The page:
Author Topic: Management in Nursing  (Read 11383 times)

Odysseus

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Re: Management in Nursing
« Reply #15 on: November 21, 2007, 07:49:23 PM »
How I agree with you malenurse...

But how can the situation be retrieved? Or should the question be - Can the situation be retrieved?

Personally, I have no objection to the airline providing the aeroplanes, but I believe that the pilot should control the aeroplane.  As you so rightly (in my opinion anyway) point out - if the ward matrons, or whatever else they may may be called, have no real authority over critical service provision or service delivery then they are trying to nurse with hands tied behind their backs.

Charlie Harden

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Re: Management in Nursing
« Reply #16 on: November 21, 2007, 10:37:52 PM »
Ody - I think that the answer lies at the bedside. Thats where the nursing power base is and always was.  Generations of nurses (me included) have sought promotion which, as other posters have noted lead you away from the profession you spent years learning. You only have to look at the doctors to see that they have learnt the simple truth that 'we are what we do'. Yes nursing is different,  we work in teams we manage groups of patients, we coordinate what others do in the care setting but if we want nursing to be a power base we need to focus on the science and practice of nursing and not allow it to be marginalised or diminished by lunatic managers with no insight into care or care processes.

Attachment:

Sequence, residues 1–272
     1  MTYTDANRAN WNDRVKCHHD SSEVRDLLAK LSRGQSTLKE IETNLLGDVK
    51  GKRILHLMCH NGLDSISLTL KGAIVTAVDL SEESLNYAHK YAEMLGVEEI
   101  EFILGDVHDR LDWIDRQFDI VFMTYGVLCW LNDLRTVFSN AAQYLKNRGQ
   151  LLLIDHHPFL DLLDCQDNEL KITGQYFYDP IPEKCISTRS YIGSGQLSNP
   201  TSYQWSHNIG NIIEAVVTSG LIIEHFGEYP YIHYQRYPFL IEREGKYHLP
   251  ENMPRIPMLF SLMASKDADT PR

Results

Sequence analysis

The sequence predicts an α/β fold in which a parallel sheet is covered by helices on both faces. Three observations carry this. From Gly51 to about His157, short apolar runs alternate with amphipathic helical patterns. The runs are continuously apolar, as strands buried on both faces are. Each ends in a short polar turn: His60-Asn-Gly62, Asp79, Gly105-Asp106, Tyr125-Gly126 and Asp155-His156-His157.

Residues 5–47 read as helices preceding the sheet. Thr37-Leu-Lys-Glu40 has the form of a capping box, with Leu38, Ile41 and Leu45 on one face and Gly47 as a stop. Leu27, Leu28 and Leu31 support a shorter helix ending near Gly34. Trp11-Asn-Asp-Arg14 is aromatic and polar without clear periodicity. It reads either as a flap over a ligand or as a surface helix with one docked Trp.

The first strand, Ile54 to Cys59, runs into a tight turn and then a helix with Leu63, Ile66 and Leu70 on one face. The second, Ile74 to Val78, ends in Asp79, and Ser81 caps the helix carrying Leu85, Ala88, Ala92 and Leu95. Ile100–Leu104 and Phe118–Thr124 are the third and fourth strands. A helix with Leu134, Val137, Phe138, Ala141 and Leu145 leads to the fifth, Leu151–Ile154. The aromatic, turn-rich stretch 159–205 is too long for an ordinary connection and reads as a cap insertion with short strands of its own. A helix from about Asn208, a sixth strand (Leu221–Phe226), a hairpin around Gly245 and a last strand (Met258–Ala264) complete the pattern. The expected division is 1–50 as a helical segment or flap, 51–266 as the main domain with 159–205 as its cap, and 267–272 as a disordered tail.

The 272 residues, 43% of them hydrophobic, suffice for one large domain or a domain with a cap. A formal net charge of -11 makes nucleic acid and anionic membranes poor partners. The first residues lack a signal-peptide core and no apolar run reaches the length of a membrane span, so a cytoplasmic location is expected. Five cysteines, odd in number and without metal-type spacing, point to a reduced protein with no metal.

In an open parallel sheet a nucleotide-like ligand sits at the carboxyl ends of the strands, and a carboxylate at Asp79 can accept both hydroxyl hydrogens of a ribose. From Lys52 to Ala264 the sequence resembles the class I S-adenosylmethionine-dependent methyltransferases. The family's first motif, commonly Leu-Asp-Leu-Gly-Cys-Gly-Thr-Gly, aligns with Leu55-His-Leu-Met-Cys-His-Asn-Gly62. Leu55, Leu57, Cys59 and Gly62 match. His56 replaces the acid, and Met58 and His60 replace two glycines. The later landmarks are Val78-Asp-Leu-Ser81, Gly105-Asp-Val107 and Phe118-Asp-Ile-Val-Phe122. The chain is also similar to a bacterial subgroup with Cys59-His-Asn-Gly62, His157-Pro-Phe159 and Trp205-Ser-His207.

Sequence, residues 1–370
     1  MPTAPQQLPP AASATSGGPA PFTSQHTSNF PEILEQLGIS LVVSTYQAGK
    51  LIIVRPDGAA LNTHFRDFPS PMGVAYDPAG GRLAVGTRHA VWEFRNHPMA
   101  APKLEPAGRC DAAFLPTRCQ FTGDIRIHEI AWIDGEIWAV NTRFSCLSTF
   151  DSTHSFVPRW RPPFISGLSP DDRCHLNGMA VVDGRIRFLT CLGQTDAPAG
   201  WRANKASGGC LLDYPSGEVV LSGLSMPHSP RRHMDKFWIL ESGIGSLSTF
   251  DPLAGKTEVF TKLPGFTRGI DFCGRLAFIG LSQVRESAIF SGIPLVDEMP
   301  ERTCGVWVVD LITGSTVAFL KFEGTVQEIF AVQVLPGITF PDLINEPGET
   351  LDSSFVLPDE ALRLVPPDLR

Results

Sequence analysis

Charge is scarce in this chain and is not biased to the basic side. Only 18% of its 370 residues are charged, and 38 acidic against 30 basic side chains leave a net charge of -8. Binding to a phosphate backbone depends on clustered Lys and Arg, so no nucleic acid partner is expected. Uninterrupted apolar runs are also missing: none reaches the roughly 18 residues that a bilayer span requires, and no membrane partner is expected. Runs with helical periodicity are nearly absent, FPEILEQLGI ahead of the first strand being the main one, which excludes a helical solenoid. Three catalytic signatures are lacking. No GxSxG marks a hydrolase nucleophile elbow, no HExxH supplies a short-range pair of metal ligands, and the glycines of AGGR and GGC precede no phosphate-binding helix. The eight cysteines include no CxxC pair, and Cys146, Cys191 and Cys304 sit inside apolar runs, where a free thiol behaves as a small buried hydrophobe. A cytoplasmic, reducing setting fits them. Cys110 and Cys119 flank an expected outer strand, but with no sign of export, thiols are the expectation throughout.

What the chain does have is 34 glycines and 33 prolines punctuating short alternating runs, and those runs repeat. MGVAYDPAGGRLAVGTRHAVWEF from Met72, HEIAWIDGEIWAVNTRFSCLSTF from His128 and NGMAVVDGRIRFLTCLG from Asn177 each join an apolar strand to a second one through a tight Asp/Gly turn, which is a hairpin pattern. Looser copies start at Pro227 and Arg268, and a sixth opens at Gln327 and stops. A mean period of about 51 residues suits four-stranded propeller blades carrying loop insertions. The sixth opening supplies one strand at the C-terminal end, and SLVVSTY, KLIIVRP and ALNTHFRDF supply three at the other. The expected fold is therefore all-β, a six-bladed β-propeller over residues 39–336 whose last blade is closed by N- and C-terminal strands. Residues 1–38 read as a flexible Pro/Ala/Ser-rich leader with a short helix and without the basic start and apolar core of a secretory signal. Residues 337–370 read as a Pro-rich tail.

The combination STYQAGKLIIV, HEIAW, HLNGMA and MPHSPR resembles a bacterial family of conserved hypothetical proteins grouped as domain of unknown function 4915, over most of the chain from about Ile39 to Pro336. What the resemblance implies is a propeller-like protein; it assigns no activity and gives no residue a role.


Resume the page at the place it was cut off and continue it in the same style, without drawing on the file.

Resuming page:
Sorry rant over  ;)

Odysseus

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Re: Management in Nursing
« Reply #17 on: November 22, 2007, 03:46:40 PM »
Ten out of ten malenurse.  But I am beginning to wonder - can we ever get back to the bedside? I am no longer involved but negative comments I pick up about 'University trained' nurses do not inspire me with confidence. One practising nurse recently related that whilst undertaking a back-to-nursing course, she noted an old lady in her ward who no one visited - and whom the regular nurses seemed to find 'invisible'.

Upon asking the ward manager - a senior nurse - about this lady, and asking if she could sit and chat to her when free, she was basically told OK, but that there was little point really! 

In my early days as a staff nurse I was actually assigned to talk to such a patient - and was then severly rocketed by the visiting assistant matron on her rounds.  When I protested that I had been assigned the task she said "Not for talking to the patient, nurse, - for sitting on the bed"!!

I wonder what the rocket would be for today - talking to the patient? Please tell me that I'm wrong. Have we really forgotten the human being within the 'patient'?

Is it still possible to get back to the bedside?
 

 

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